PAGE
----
How Does HubSpot Make Money? The HubSpot Business Model In A Nutshell

HubSpot is a CRM (customer relationship management) solution providing various levels of its B2B and Enterprise subscription plans. Beyond subscriptions, the company monetizes via professional services. However, these carry a negative marginality as the company uses professional services (in onboarding and implementation) to increase its tools, which help companies leverage digital marketing channels to generate leads.

Business Model ElementAnalysisImplicationsExamples
Inbound Marketing and Sales Software– HubSpot offers a comprehensive suite of inbound marketing and sales software tools. These include customer relationship management (CRM), marketing automation, content management, and analytics. – The platform helps businesses attract, engage, and delight customers through inbound strategies.– Provides businesses with an integrated platform for managing marketing, sales, and customer relationships. – Attracts companies seeking to implement inbound marketing practices. – Drives user engagement by offering tools for creating and optimizing content, automating marketing processes, and analyzing performance.Businesses use HubSpot’s software to manage their marketing campaigns, automate lead nurturing, and gain insights into customer behavior.
Freemium Model– HubSpot employs a freemium pricing model, offering a range of free and premium (paid) services. – Users can start with free tools and then upgrade to paid plans as their needs grow. – The free CRM is a prominent entry point for users.– Lowers the barrier to entry for users, making it accessible to startups and small businesses. – Encourages users to explore and experience the platform’s value before committing to paid services. – Drives user acquisition and loyalty through the free CRM offering.Users can begin using HubSpot’s CRM and some basic marketing tools for free and then choose to upgrade to premium plans for additional features and capabilities.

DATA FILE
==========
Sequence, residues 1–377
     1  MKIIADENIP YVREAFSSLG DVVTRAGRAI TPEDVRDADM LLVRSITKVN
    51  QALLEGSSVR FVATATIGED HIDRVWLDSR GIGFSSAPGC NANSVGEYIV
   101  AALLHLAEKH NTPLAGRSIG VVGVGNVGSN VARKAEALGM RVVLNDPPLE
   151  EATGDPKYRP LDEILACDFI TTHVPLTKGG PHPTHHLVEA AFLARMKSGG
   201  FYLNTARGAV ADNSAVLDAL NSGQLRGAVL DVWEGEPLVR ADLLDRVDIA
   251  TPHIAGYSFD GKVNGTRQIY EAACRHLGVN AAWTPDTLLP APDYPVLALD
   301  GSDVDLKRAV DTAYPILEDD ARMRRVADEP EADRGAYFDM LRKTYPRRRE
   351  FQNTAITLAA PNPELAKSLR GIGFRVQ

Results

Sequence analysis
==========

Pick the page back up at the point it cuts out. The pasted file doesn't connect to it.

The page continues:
Education and Content Marketing– HubSpot places a strong emphasis on education and content marketing. It provides a wealth of educational resources, including blog articles, webinars, e-books, and certifications. – The content is geared toward helping businesses learn about inbound marketing and improve their digital strategies.– Establishes HubSpot as an authority in the inbound marketing space. – Attracts users seeking knowledge and expertise in digital marketing practices. – Nurtures a community of learners and fosters brand loyalty.Users can access a wide range of educational content on HubSpot’s website, including blog articles, webinars, and certifications, to enhance their marketing skills and knowledge.
Integration Ecosystem– HubSpot offers integrations with a variety of third-party applications and services, including popular platforms like Salesforce, WordPress, and Slack. – This integration ecosystem allows users to connect HubSpot with other tools to streamline their workflows.– Enhances HubSpot’s appeal by providing users with the flexibility to integrate their existing tools and software. – Simplifies the user experience and enables businesses to create customized marketing and sales stacks. – Expands HubSpot’s reach by catering to users who rely on specific software solutions.Users can integrate HubSpot with other applications to create a tailored marketing and sales technology stack that meets their unique needs and preferences.
Customer Support and Community– HubSpot places a strong focus on customer support and community building. It offers customer support, training, and a user community for sharing knowledge and best practices. – The HubSpot Community enables users to connect, ask questions, and learn from one another.– Demonstrates a commitment to customer success and satisfaction. – Fosters a sense of belonging and collaboration among users. – Encourages users to seek assistance and share experiences within the community.Users can access HubSpot’s customer support resources, receive training, and engage with the HubSpot Community to exchange insights and seek help when needed.
Value Proposition– HubSpot’s value proposition centers on providing businesses with a complete inbound marketing and sales platform that facilitates growth through education, accessible pricing, and integrations. – It empowers businesses to attract, engage, and delight customers through inbound strategies.– Attracts businesses seeking an all-in-one inbound marketing solution. – Provides a platform that supports businesses at various stages of growth, from startups to enterprises. – Encourages user engagement and loyalty through educational resources and a freemium model.HubSpot appeals to businesses looking for an integrated platform that simplifies marketing, sales, and customer relationship management, along with access to educational content.